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A trimalleolar fracture is a type of broken ankle. On the inside of the ankle, the lower end of the shin bone, or tibia, forms a knob of bone called the medial malleolus. A thinner bone known as the fibula runs down the outside of the lower leg and at the end it forms a bump called the lateral malleolus. The posterior malleolus, or third malleolus, is formed by a lip of bone at the rear of the lower end of the tibia. When an ankle fracture involves all three malleoli, it is known as a trimalleolar fracture, and surgery is usually required to fix the broken bones together while healing takes place.
Ankle fractures, including a trimalleolar fracture, may be caused by falling or suddenly twisting or turning the ankle. They may also occur as the result of a car accident, together with other lower leg injuries. As a number of different bones make up the ankle joint, the severity of a broken ankle can range from a crack in one bone to breaks in several bones, sometimes piercing the skin. Symptoms of pain, swelling, bruising, and deformity may develop and the ankle may not bear weight.
If these symptoms are noticed when examining potentially broken ankle bones, fractures may be suspected. X-rays may then be taken to provide an accurate diagnosis. In some cases, only the medial or the lateral malleolus may be broken. If the bones are not too far out of place and the fracture is considered to be stable, meaning it will stay put when the bones are realigned, surgery may not be necessary and treatment may consist of a cast or splint. In the case of a trimalleolar fracture, or a bimalleolar fracture, where the medial and lateral malleoli are broken, the injury is typically unstable and surgery is usually necessary.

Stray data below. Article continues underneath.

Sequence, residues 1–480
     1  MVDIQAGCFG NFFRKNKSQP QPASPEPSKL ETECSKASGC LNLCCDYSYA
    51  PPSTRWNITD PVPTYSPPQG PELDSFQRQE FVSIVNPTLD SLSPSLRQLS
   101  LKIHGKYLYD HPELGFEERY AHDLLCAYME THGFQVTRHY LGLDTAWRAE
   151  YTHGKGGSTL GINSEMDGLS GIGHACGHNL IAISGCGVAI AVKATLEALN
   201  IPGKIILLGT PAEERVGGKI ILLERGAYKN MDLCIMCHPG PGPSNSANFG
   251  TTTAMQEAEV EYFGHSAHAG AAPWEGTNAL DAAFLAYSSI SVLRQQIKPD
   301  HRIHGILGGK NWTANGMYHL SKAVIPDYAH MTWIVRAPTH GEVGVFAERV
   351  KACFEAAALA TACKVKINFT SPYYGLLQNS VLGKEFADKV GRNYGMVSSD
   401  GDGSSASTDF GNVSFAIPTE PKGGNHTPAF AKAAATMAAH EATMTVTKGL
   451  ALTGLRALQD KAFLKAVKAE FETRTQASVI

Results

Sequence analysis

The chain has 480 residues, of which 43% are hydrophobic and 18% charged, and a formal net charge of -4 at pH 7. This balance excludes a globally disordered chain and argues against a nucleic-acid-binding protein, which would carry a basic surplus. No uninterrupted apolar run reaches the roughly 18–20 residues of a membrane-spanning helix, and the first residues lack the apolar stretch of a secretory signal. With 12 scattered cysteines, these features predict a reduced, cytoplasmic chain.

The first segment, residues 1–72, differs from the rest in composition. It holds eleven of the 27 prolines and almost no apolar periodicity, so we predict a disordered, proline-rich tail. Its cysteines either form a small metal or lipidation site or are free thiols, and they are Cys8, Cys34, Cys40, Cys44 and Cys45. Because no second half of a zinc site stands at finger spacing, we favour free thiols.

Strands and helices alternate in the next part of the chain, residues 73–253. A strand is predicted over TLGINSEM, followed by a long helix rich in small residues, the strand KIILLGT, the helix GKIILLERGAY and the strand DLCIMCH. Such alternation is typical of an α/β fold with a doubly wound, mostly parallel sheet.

The surgical treatment of a trimalleolar fracture generally involves using a combination of metal plates and screws or wires to hold the broken bones in alignment while healing occurs. It is not possible for the ankle to bear weight until the broken bones have fused solidly together, and this can take up to four months. X-rays may be taken during this period to check that the bones have not moved out of place. As soon as it is possible to move the ankle, a program of exercises may be recommended to strengthen the muscles around the joint.
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